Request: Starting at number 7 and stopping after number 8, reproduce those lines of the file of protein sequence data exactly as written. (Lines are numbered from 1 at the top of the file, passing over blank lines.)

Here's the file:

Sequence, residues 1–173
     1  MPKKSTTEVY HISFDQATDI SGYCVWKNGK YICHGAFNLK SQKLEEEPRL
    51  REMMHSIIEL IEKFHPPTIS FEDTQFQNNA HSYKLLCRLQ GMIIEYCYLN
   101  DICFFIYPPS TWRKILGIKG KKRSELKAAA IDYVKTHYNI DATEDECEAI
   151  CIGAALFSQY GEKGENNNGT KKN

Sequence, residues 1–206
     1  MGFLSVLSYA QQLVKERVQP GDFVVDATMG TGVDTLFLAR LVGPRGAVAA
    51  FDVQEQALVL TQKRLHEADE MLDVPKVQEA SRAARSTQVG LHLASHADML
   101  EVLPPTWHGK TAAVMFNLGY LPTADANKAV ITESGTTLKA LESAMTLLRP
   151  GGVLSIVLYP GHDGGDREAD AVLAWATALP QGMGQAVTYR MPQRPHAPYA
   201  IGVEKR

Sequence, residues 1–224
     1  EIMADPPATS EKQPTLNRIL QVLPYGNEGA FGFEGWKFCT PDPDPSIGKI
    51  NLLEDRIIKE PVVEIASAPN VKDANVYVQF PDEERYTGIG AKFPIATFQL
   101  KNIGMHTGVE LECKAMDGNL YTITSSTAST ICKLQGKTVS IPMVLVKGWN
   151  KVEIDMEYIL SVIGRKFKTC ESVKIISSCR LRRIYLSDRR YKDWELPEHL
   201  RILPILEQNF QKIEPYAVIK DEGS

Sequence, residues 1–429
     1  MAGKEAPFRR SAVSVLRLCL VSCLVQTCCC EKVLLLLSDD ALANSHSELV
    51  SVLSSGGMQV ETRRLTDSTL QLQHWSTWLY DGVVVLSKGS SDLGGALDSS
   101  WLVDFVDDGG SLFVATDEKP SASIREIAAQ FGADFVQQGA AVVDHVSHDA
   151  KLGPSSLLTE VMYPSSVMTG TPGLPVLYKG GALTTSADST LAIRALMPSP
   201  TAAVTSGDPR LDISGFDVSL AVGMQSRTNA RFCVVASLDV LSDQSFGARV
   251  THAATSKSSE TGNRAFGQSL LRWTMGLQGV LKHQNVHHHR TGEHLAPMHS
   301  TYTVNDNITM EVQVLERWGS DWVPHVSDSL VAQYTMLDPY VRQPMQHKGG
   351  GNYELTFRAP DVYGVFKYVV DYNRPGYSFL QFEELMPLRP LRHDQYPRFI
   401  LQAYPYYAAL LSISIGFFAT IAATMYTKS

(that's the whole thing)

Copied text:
     1  MGFLSVLSYA QQLVKERVQP GDFVVDATMG TGVDTLFLAR LVGPRGAVAA
    51  FDVQEQALVL TQKRLHEADE MLDVPKVQEA SRAARSTQVG LHLASHADML